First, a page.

The dress was perfect. Light worsted yarn woven into glowing blue and green medallions, it fit that elusive category of “transitional” clothing. And, just before Thanksgiving, it was on sale. I didn’t care if it was held over from the summer or orphaned from the fall season. I bought it immediately, threw out the sales slip and put the dress away for the spring. Passover, or maybe Shavuot, I thought.
This past winter, I was packing for a trip to Florida where I would speak at a large synagogue. The weather forecast was balmy, just right for a preview of my new dress. I dug it out and tried it on. It felt great, except for the label, which itched the back of my neck. I took the dress off, and using a pair of small scissors, cut out the offending tag. As I folded the dress up to put into my suitcase, I noticed another label, a sliver of nylon ribbon with print in several languages on it, sewn along a skirt side seam. “Why not get rid of all possible distractions now, before I’m standing up in front of the crowd,” I thought. I retrieved my scissors and began to snip the thin slip listing the garment’s fiber content. The writing caught my eye: 33 percent silk, 30 percent rayon, 30 percent wool, 4 percent cotton, 3 percent linen. My heart sank. Shatnez.
I felt a thud of doom. According to the Torah, wool and linen constitute a forbidden mixture. Most commonly this is a problem confronted by male haberdashery due to linen lining used to stiffen the lapels of wool suits. Observant men submit their garments to shatnez detection laboratories and nimble tailors perform necessary adjustment by removing the linen lining.
I knew there was no hope for my dress, whose very essence lay in an inseparable weave of fibers. Dress in hand and with a heavy heart, I headed downtown, back to the department store. I had no idea what I would say. I’ve explained why I keep kosher and observe the Sabbath many times. In a world of vegan, gluten- and lactose-free menus, people understand dietary restrictions. And deluged as they are by constant cyber connectivity, people respect and even envy the notion of a day of rest. But telling someone that I couldn’t wear a dress made of mixed linen and wool for religious reasons was unfamiliar territory. It seemed so odd, so illogical. This was a realm of spiritual metaphysics I had not tangled with before.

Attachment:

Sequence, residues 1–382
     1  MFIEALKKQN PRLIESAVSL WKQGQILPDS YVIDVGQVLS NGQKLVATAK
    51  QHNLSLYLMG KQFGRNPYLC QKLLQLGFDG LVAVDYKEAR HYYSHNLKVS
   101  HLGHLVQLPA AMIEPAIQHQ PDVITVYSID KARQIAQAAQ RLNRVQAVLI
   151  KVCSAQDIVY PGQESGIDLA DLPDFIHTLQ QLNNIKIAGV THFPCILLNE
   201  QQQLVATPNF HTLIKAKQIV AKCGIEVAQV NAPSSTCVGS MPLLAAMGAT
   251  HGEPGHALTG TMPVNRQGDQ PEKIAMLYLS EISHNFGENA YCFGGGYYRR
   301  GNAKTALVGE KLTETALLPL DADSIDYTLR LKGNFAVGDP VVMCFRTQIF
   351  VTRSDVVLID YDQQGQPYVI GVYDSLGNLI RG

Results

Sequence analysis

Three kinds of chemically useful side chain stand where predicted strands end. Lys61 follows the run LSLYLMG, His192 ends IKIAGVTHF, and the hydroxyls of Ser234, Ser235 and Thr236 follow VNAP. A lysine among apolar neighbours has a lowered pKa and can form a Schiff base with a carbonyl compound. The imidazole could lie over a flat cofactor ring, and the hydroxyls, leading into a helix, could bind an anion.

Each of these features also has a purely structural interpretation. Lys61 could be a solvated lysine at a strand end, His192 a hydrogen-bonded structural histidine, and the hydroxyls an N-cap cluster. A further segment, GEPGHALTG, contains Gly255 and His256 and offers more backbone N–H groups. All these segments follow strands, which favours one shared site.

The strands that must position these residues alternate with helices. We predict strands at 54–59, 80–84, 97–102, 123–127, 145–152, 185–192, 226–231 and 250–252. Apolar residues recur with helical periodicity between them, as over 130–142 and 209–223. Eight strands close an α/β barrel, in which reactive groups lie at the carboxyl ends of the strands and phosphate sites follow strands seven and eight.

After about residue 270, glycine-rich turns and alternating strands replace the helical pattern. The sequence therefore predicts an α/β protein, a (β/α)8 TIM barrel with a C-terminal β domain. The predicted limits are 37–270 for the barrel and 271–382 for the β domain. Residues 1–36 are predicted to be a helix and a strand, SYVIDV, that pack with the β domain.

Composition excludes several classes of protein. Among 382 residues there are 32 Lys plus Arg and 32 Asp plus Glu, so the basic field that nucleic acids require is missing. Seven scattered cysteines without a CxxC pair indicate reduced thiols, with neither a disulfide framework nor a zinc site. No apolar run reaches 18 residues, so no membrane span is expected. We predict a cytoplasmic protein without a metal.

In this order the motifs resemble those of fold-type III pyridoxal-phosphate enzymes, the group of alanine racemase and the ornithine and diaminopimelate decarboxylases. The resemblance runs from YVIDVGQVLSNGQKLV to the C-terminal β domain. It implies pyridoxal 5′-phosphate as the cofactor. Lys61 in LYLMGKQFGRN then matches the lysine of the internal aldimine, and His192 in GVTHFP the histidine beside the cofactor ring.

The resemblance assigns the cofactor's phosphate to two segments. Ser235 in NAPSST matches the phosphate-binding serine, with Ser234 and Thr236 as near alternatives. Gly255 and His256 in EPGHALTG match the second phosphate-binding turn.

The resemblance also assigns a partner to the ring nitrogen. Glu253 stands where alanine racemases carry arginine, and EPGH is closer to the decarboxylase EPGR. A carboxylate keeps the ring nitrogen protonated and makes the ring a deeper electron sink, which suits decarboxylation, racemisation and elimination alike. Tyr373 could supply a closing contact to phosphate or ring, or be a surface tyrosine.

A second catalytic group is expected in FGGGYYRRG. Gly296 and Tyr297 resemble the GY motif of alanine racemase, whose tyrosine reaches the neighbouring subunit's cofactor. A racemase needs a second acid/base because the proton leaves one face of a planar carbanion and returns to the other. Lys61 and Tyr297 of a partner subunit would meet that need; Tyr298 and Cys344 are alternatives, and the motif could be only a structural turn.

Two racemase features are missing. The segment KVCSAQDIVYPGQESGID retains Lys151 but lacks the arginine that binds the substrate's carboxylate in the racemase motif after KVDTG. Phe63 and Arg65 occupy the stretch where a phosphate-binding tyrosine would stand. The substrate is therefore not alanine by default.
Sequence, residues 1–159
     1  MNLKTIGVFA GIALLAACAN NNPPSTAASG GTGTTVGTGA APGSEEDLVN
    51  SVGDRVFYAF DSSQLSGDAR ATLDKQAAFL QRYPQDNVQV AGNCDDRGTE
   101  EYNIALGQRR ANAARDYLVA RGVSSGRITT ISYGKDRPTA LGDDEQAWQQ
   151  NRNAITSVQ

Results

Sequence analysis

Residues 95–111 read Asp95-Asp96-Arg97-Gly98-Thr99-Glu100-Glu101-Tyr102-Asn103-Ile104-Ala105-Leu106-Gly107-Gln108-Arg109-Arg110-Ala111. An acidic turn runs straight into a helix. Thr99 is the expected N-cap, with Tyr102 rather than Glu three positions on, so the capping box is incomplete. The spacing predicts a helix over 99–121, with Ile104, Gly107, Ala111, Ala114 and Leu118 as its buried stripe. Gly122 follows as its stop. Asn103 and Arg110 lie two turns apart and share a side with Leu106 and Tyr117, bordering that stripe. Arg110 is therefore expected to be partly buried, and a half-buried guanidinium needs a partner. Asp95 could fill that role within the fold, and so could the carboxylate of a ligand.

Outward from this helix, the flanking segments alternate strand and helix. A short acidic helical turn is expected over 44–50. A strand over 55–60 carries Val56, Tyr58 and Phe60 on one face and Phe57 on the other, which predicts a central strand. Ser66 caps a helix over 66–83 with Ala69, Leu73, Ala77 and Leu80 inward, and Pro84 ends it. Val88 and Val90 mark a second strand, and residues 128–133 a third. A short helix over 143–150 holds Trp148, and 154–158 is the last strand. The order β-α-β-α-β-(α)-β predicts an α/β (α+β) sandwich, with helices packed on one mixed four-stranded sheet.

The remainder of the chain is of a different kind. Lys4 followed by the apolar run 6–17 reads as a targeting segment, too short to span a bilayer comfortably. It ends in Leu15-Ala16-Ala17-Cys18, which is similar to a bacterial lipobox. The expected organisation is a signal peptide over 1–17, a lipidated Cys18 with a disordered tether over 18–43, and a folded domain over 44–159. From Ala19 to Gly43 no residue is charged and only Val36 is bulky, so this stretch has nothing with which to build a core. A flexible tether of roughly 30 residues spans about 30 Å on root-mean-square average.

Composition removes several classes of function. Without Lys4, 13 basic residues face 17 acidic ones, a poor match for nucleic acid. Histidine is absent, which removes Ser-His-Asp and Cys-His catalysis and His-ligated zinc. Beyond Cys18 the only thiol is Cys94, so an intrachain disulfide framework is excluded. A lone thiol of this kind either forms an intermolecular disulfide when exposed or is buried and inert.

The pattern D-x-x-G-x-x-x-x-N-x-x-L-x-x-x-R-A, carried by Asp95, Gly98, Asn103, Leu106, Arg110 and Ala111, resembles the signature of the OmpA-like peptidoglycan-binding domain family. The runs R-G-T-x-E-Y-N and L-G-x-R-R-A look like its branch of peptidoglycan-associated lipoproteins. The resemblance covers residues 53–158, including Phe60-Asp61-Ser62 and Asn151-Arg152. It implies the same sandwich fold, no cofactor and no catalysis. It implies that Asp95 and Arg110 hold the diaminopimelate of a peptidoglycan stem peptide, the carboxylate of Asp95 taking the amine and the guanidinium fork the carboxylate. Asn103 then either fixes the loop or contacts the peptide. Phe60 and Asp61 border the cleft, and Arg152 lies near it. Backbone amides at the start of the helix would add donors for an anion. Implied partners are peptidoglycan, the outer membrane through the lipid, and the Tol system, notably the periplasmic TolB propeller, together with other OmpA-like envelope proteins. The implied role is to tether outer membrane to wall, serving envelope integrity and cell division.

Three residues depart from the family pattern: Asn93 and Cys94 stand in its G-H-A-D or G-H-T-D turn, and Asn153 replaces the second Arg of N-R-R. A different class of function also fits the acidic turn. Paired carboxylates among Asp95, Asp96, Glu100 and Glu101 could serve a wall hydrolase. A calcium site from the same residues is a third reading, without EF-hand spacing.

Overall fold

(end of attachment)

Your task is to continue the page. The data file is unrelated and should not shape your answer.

Customer service was tucked away behind the escalator. I presented the dress and my handful of sheared labels.
“What does the problem seem to be?” asked the representative in a helpful voice.
“I know I bought this dress over two months ago and I don’t have the sales slip and I cut out the labels. I’m sorry … but the fabric irritates me. I just can’t wear it.” My words came out in run-on awkwardly apologetic sentences. I chose not to specify that the main irritant was spiritual. It felt too complicated. Plus, it was my responsibility to check for shatnez. I should have been more careful. I was prepared to lose money. Maybe even to give the dress away.
The customer service person took the dress and retreated to her computer for a few minutes. She returned to the window.
“I can give you the sale price it’s at now. It is past the time we usually accept returns but I’ll make an accommodation.”
“Really?” I was delighted. “Thank you. I really appreciate this.”
Relived of the offending garment, I rode down the escalator grateful for having learned a lesson so easily. I know that returning a dress at a small financial loss does not constitute a significant stand for religious principle. But for me it was a small and intimate commitment to following an ancient tradition even if it didn’t make complete sense in contemporary terms. Maybe that’s the point. Shatnez is among the commandments that have no obvious moral or ethical principle except to pay attention, to not take availability for granted.
As I crossed the street, my eye caught sight of an attractive striped sweater with a jaunty, nautical design that hinted springtime. I went in and inspected the fiber content label. Eighty percent cotton, 17 percent nylon, 3 percent spandex. Perfect.
Michelle Friedman is the director of pastoral counseling at Yeshivat Chovevei Torah Rabbinical School and a psychiatrist in private practice in New York City.